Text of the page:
Top Ten Free-to-Play Games - Click for Kicks

For nearly a year, I wrote content for Ten Ton Hammer’s Dungeons & Dragons Online (DDO) hub. I was drawn by the chance to rekindle my relationship with D&D and the promise of a game that...

For nearly a year, I wrote content for Ten Ton Hammer’s Dungeons & Dragons Online (DDO) hub. I was drawn by the chance to rekindle my relationship with D&D and the promise of a game that featured the authentic core rules. Turbine delivered on its promise to faithfully render the D&D experience, and I enjoyed the game for most of the time that I played it. Nevertheless, I found faults with DDO, chief among them the real-time battle system. Self-proclaimed “active” battle systems annoy me worse than a zit on the tender tissue where your nostril meets your face. But am I a dinosaur? Is real-time combat the future of gaming? 

No matter how high this Dwarf's stats are, the monsters in DDO will wipe the floor with him if the player behind the avatar is not adroit enough.

I have legitimate reasons to dislike real-time combat; I’d like a chance to state my case, to defend myself, before you (my reader and jury) convict me of lameness. 

Strategy is the core of good gameplay. Whether I am playing my favorite MMOG, a sports title, or a single-player RPG, I derive my pleasure from making choices to overcome my challenges. When I play Atlantica Online, I find joy in picking the right units and arranging them correctly to conquer foes. If I hop on the Playstation 2 for a game of Madden NFL Football 2008, it’s more important for me to utilize the right personnel and execute the correct play call to defeat my opponent than it is for me to press a combo of buttons to break a tackle.  Finally, when I am playing a Final Fantasy RPG on any console, my goal is to develop my characters in a way that helps them survive each battle. In a sense, any game I play is just providing a GUI (graphical user interface) on a bunch of number crunching. What can I say? I like numbers.

In contrast to the strategy required in the games I like most, titles with twitchy combat rely on the reflexes of the user to create a challenge. In DDO, it doesn’t matter how well I know the D&D rules or the spells available to a level 1 Wizard. If I can’t perform a tightrope walk along the beam in the ceiling, I’m never going to reach that treasure chest hidden up there. Without the manual dexterity to perform the Hadouken (???) before my opponent drops me in Street Fighter III, I might never win a match. Certainly, dexterity and agility are measurable traits (albeit imprecise measurements) and tests of those skills have merit. Even so, games that rely on challenges of deftness aren’t really providing any challenge; they pit the player against himself. The gamer’s limits are his nimbleness rather than any learning curve or leveling scale within the game. If I wanted to be aware of my faults, I’d enter a body-building contest.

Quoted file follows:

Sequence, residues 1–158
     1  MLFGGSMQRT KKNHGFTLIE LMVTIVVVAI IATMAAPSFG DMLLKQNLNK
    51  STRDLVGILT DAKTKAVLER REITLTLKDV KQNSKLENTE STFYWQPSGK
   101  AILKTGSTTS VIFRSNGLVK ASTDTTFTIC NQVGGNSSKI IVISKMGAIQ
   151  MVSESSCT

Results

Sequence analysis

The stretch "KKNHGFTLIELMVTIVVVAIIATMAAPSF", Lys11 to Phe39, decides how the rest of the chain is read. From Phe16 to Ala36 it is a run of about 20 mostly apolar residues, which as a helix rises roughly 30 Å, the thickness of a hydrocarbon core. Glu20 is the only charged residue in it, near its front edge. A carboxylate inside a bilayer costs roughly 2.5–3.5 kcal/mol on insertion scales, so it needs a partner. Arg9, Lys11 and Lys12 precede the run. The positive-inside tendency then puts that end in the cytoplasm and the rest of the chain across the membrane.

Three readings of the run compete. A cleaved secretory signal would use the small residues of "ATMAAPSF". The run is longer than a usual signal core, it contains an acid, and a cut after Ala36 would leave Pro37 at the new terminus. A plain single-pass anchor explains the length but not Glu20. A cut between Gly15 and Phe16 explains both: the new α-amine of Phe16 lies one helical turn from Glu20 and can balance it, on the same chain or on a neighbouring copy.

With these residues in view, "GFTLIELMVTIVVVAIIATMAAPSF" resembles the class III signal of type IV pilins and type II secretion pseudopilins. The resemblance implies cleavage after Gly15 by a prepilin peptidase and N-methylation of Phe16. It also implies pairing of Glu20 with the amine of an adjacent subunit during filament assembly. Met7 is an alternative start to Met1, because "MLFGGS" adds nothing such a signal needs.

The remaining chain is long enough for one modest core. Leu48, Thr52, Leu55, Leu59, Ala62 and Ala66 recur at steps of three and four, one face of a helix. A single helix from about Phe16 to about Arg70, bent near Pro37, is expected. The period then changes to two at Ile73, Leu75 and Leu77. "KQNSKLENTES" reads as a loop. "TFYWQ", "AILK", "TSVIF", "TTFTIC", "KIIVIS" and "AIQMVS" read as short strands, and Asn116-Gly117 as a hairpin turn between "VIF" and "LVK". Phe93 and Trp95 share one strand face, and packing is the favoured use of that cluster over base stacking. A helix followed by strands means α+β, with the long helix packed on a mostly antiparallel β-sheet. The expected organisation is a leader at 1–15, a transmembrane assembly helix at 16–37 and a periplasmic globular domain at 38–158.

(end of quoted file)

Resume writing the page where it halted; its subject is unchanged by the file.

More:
Whether I like it or not (and I don’t), action components are coming to an MMOG combat system near me. I experienced it firsthand in DDO, but it doesn’t end there. During those sweet honeymoon weeks when gamers couldn’t stop making love to Age of Conan (AoC), webizens gushed about the sexy combat style of Funcom’s title. I wasn’t impressed because the need to change the focal point of attacks just sounded like needless button mashing to me. What seemed innovative to the masses appeared to be extra mindless work to me, and the trend looks to continue in the next round of AAA titles. The Chronicles of Spellborn features a targeting “crosshairs” of sorts. Champions Online and DC Universe Online promise action-styled combat. Aion looks to make the z-axis a real element in combat. The list goes on and on.

Deco Online uses a series of key presses to deliver more damage in combat.

Just as I have argued that microtransactions are coming to the Western market whether we all like it or not (and I like it), this action blend of combat is already invading F2P games. Cabal Online allows players to spam clicks or key presses instead of auto-attacking. Deco Online has gamers using key press combinations to deliver extra damage. The F2P audience often gets lobby games with heavy PvP elements (see Exteel or Rakion). It also receives the sports MMOGs (see Cody “Micajah” Bye’s In the Trenches). A number of kung fu games on the market likely involve twitchy combat, too. But should this old fossil get with the program and buy into the new fad?

Parting Thoughts

In moments of weakness, I almost cave and denounce myself for not embracing the acne of action combat games. Then I realize that I’m a gamer, dammit! We’re not supposed to be marvels of the human form or specimens of grace and agility. We’re supposed to be geeks, thinkers who take pride in our ruthless cunning, which enables us to take over the world (or at least virtual worlds). So, forgive me if I choose to apply an astringent to my pimples; I’ll pass on the twitchy games, thanks.

Do you like twitchy combat, or are you a dinosaur like Ralsu? Email your thoughts.

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